Okanogan County’s policy that allows people with an existing house to create a new lot for one more house with its own well is unlawful, Okanogan County Superior Court Judge Henry Rawson said in a brief ruling on Aug. 3.
Rawson granted summary judgment in the case to the state Department of Ecology, meaning he agreed that no facts are in dispute. He found that what the county calls the “Two-lot Subdivision Exception” violates the Methow River Basin Instream Flow Rule, which sets aside a certain amount of water in the Methow watershed and establishes a priority of uses. Single-domestic use is at the top of the list.
Ecology argued that splitting off one parcel to build a new house with its own well turns the original water use into group use instead of single-domestic use. The second house would result in two withdrawals from the same reservoir, putting water for rivers, fish and other users at risk, state Attorney General’s Office Senior Counsel Alan Reichman said in oral arguments on July 20.
Okanogan County promptly filed a motion for reconsideration and/or clarification, saying Rawson had ruled on only one of two issues in the case. Rawson didn’t address the question of whether Okanogan County can allow development of parcels created by subdivision after a 2002 state Supreme Court ruling, Okanogan County attorney Jenna Mandell-Rice said in the Aug. 13 motion.
“Without resolution of Issue 2, the County remains in the untenable position of either applying Ecology’s interpretation and facing potential legal challenges from applicants, or respecting the finality of unchallenged prior land use decisions and the vested rights of land use applicants and risking future legal challenges from Ecology and other interested parties,” Mandell-Rice wrote.
It wasn’t clear from Rawson’s decision whether he simply declined to rule on that question or hadn’t specified his rationale, she said. The county needs to know the rationale to implement the court’s order, Mandell-Rice said.
Without clarity, there are several possible interpretations, Mandell-Rice said. It could be that all parcels created after the Supreme Court ruling are considered group use, meaning they’re not eligible to use a well without a special water right. Or it could be that if the county denied building permits in these situations, it wouldn’t violate other laws that say withdrawing water is evidence of water adequacy, Mandell-Rice said.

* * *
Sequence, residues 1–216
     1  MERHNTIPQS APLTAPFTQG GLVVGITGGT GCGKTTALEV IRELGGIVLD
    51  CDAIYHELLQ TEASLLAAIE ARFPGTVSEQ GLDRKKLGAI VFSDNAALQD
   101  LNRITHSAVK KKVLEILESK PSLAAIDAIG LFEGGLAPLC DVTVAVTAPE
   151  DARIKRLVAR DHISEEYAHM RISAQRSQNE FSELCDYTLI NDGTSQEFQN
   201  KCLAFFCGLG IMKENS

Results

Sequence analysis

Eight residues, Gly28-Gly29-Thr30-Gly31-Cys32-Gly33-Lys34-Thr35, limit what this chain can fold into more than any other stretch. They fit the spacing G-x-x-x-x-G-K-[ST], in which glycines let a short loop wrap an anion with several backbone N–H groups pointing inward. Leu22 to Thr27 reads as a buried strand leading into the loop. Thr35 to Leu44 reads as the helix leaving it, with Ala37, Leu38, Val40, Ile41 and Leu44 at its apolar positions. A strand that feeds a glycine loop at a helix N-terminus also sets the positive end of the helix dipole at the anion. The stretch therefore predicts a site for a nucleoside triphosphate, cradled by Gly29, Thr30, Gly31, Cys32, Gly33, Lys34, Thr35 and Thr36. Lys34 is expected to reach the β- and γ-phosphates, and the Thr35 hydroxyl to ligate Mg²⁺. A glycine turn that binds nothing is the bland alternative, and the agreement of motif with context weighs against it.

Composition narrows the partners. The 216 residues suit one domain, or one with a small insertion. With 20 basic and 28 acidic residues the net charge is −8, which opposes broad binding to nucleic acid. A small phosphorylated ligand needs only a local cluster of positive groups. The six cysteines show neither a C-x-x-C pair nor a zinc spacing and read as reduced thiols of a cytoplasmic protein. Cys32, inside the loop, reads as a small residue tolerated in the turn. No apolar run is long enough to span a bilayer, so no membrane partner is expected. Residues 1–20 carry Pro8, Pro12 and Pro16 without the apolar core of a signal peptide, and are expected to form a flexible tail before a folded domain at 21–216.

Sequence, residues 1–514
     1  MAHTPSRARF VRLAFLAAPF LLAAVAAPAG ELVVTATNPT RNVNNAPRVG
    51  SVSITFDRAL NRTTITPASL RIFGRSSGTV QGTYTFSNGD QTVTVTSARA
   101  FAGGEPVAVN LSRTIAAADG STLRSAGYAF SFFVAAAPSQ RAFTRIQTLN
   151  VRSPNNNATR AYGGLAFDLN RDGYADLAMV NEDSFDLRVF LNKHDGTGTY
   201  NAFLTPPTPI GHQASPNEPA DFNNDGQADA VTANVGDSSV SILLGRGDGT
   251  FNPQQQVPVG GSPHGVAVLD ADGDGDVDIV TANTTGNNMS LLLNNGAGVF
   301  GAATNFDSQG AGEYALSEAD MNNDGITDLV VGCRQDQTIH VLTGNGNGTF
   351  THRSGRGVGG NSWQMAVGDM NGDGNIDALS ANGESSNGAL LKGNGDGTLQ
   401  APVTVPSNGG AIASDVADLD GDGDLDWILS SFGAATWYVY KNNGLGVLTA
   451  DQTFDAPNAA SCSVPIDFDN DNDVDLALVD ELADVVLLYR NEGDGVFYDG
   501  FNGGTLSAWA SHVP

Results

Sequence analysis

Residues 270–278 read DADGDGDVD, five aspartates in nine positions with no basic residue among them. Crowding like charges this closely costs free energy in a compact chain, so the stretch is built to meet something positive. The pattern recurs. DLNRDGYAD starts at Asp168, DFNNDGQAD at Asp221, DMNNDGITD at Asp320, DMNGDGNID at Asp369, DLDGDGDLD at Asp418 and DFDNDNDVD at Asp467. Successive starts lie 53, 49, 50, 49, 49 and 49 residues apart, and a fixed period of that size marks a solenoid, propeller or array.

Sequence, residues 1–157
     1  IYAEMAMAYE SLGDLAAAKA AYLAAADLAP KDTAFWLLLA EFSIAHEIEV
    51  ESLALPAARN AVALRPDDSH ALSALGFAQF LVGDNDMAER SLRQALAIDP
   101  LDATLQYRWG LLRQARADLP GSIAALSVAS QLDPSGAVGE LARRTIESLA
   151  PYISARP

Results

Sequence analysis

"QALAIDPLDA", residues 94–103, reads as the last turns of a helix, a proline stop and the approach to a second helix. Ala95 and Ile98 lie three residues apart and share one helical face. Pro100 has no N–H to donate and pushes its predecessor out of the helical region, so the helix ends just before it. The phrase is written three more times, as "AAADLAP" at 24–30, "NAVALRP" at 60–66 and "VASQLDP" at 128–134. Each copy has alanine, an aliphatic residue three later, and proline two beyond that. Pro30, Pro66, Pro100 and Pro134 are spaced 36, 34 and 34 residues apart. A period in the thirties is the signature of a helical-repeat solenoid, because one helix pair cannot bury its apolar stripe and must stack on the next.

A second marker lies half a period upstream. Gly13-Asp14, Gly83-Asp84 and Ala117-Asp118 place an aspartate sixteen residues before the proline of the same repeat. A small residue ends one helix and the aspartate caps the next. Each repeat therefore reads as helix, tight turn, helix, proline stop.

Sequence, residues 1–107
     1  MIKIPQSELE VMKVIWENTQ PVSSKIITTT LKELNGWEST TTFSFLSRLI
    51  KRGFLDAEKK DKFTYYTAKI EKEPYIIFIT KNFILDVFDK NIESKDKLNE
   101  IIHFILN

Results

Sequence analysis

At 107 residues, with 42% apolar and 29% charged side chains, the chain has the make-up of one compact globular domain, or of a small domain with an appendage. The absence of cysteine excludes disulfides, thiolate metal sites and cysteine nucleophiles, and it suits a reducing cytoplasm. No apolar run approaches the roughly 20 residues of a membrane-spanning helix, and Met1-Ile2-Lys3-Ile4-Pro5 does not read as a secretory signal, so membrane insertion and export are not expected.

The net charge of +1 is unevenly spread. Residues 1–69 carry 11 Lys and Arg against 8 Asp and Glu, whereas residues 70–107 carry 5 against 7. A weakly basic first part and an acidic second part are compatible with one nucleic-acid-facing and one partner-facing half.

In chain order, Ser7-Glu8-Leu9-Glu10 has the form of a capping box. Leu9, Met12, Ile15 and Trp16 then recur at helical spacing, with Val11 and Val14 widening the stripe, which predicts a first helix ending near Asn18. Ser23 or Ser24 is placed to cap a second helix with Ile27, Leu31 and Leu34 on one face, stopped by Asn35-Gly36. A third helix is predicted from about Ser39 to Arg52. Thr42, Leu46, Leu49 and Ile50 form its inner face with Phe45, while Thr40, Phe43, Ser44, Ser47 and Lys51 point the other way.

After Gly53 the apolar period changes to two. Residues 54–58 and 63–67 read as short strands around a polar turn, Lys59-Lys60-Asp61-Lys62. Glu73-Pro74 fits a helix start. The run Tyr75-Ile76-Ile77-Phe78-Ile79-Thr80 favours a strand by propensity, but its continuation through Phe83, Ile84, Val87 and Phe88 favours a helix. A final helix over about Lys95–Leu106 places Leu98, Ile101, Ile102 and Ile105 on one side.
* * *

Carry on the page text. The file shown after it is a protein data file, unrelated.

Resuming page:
Another possibility is that the county’s denial of building permits for these lots wouldn’t run counter to its approval of the original subdivision, nor violate the vested rights of these property owners, she said.
Rawson’s ruling on the two-lot subdivision exception also needs clarity, Mandell-Rice said. His order said that the exception creates an addition parcel that would constitute “single-domestic use” and would in itself be designated a “single-domestic use.”
Ecology argued that the new parcel would constitute group use, while the county said it was single-domestic, Mandell-Rice said. Without further clarification, Rawson’s ruling could imply that even single-domestic uses can’t rely on the reserve in the Methow Rule for single-domestic use, she said.
“A clear understanding of the Court’s legal conclusions with respect to Issue 2 [on lots created after 2002] is imperative for the County to implement the Court’s decision in its land use decisions going forward, should the County choose not to appeal,” Mandell-Rice said.
Rawson also denied a request from Methow Valley resident Lee Bernheisel to intervene in the case. Bernheisel contended that the lawsuit should be heard first by the state’s Pollution Control Hearings Board.
The 1976 Methow Rule sets aside a certain amount of water in the Methow and establishes a priority of uses for that water, with individual houses (single-domestic) at the top of the list, even before water for fish in rivers (instream flows). All other uses, including municipal (Twisp and Winthrop) and group-domestic (a development with several houses) are further down on the list.
The 2002 Supreme Court ruling in the Campbell & Gwinn case found that a proposed subdivision with 20 homes constituted group use and required a water right. Ecology says that any parcel created through subdivisions after that ruling would result in group water use by splitting up the right to one exempt well among multiple wells.
Building moratorium extended
Last week, the Okanogan County commissioners extended a moratorium on building permits on any lots created after the 2002 Campbell & Gwinn ruling that would rely on the Methow River for water. When they adopted the original ban in February, the commissioners said that they hoped the situation would be clarified by the county’s lawsuit against Ecology. The moratorium is in effect for another six months.